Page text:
Big pub chains must pass on cut in duty

The beer duty escalator was scrapped in 2013. Picture: PA
The beer duty escalator was scrapped in 2013. Picture: PA
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PUBS saved, thousands of jobs created and millions more pints poured – that’s worth raising a glass to, says Colin Valentine.

Something strange happened in the Budget in 2013. Whilst the scrapping of the beer duty escalator (the introduction of which was, surely, the most deliberate attempt to kick an industry when it was down seen in recent years) was not unexpected and something that Camra, pub owners, brewery owners and ordinary drinkers had worked extremely hard on for over a year, the Chancellor also dropped beer duty by a penny.

This was a great, if very pleasant, surprise as it was the first time in living memory that beer duty had been reduced – 1959 being the last time. In 2014, we campaigned for a freeze and were, once more, surprised at yet another penny coming off beer duty. A hat trick was achieved in this year’s Budget, on 18 March, when it came down by yet another penny.

Many people complained that, even as beer duty was going down, beer prices were still rising and no-one was feeling the benefit. While Camra knew that this was not the case in reality, there was no hard evidence to back up our contention.

For that reason, we commissioned research from the Centre for Economic and Business Research to examine the effects of the scrapping of the beer duty escalator and the subsequent duty reductions. The results surprised us – not only would a pint be more expensive than it currently is, as we all knew anyway, but investment in the brewing sector increased, millions of extra pints were bought, pubs remained open that would otherwise have closed and many thousands of jobs were created.

Scrapping the beer duty escalator means that a pint is at least 5 per cent cheaper than it would have been if it had remained in place, £60 million of extra investment would simply not have happened, more than 1,000 pubs have remained open that would otherwise have closed and more than 25,000 additional jobs have been created.

This is all in addition to the tens of millions of extra pints that have been consumed over the past year, meaning that beer production in the United Kingdom is now in growth for the first time in a decade, which clearly shows that abolishing the escalator and reducing beer duty has been hugely successful in generating economic growth and jobs.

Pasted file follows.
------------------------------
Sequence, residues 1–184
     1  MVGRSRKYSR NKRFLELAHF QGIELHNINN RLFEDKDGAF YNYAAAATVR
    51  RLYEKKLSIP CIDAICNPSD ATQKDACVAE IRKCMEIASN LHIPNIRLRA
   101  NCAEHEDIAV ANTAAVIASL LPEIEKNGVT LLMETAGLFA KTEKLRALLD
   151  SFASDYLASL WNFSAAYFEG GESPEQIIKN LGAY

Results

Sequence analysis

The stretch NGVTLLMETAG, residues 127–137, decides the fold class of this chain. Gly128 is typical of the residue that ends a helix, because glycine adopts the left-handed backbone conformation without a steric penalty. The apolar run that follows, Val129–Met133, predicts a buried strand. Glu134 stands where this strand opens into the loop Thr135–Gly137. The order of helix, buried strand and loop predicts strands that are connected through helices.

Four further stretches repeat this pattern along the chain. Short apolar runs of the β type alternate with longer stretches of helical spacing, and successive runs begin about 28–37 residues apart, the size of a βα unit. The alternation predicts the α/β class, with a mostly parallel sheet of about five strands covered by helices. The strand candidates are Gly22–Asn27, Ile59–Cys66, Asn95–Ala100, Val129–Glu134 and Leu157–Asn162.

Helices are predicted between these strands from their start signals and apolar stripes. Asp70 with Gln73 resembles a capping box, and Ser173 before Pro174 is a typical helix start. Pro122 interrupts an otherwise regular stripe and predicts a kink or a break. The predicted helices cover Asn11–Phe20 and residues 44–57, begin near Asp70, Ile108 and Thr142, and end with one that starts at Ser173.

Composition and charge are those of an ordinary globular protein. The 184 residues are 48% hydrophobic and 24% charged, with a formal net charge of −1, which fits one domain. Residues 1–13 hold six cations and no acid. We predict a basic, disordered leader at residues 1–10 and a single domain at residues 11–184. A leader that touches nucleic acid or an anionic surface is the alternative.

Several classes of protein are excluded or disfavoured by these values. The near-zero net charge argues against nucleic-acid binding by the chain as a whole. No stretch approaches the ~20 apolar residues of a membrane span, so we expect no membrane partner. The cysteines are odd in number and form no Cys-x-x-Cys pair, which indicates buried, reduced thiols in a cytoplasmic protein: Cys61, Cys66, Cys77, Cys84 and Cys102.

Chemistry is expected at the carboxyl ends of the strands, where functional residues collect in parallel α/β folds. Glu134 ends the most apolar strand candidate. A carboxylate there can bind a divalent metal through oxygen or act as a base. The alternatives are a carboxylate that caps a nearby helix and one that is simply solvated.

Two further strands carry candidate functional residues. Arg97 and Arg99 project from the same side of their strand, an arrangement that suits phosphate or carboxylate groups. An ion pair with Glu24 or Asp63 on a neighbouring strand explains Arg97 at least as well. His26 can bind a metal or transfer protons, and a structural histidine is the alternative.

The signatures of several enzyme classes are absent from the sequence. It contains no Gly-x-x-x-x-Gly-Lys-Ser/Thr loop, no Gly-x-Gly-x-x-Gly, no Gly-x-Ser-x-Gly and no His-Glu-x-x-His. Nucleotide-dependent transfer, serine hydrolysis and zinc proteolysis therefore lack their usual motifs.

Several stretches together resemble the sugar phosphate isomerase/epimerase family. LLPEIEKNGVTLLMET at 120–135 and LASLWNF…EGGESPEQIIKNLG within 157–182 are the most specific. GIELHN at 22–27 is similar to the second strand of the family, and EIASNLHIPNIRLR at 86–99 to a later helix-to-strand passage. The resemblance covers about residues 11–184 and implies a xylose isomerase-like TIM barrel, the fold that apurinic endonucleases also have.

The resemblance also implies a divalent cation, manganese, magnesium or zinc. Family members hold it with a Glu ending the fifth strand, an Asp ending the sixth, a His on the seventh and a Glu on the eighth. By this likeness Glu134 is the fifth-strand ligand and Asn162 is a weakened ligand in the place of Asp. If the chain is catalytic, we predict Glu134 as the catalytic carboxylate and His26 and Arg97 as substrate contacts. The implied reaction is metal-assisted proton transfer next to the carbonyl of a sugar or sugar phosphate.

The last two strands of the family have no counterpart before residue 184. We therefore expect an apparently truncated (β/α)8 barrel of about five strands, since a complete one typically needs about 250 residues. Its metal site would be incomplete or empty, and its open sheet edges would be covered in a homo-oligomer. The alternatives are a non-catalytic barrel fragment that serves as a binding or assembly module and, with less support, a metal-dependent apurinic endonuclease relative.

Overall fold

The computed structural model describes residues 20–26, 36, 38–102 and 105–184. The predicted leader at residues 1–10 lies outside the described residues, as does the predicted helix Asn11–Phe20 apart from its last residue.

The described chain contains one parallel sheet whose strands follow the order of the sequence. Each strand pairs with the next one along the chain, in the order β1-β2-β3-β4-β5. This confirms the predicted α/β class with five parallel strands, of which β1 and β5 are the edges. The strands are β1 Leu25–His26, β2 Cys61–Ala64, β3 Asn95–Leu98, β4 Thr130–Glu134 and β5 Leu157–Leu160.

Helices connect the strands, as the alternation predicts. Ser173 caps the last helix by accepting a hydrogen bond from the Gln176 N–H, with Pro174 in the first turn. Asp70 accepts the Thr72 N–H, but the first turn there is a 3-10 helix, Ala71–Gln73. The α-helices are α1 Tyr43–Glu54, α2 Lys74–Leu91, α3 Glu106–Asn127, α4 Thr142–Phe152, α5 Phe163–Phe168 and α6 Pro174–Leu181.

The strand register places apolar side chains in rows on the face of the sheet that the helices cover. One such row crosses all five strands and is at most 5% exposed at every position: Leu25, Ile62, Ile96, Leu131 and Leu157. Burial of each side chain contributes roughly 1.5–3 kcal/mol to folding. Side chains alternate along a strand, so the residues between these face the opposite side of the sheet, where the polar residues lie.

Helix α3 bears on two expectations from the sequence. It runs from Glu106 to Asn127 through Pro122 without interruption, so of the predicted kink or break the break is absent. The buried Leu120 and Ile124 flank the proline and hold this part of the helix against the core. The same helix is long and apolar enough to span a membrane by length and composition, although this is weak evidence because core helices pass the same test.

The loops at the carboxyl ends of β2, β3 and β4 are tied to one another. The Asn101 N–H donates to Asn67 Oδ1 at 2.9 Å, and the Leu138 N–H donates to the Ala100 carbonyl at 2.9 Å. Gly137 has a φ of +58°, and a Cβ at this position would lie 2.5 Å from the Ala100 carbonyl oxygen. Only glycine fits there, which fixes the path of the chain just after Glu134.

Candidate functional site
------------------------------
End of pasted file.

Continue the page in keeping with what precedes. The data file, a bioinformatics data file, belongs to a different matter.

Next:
It must also be added, despite the references in the media to the cost to the Exchequer of lowering beer duty, that the net effect is, at worst, cost neutral, and businesses have stayed open, many have invested in both plant and personnel, and this, in turn, has led to higher tax receipts through income tax, value added tax and corporation tax.

This is because, despite the popularity of world beers, more than 90 per cent of the beer consumed in this country is brewed in this country – and how many other industries can claim such a domestic market dominance.

With the cut in cider and spirits duty as well, this should be a real benefit to the pub sector which, don’t forget, employs hundreds of thousands of people in the United Kingdom, many, if not most, of whom are under 25. With this age group being hit hardest during the economic downturn over the past seven or eight years, surely this is a cause for celebration.

It is now time for us all to celebrate what the pub brings to community life in this country – a place to enjoy alcohol responsibly in a welcoming and controlled environment where, if you have one too many, the licensee will tell you that you have had enough and send you home with the reminder that you will be welcome back the next day, rather than drinking yourself into oblivion on cheap supermarket hooch on a park bench or slumped in front of the television.

The large pub-owning companies, who were quick to pass on duty increases to their customers, often piggy-backing a general price increase along with it, must also play their part in this nascent renaissance. They must stick to their promise to pass on any duty savings to their customers and not pocket the difference, as has been seen recently by the owners of well-known brands who have kept the price the same, but decreased the size of the product.

• Colin Valentine is national chairman of the Campaign for Real Ale

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